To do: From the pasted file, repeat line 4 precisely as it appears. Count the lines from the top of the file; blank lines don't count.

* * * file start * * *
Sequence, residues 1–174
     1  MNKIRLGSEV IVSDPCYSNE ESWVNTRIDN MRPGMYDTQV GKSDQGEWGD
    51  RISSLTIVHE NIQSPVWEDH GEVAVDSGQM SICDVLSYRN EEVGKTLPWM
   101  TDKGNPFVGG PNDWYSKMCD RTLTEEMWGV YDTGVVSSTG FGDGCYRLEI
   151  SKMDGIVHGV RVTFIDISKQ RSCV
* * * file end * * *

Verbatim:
   101  TDKGNPFVGG PNDWYSKMCD RTLTEEMWGV YDTGVVSSTG FGDGCYRLEI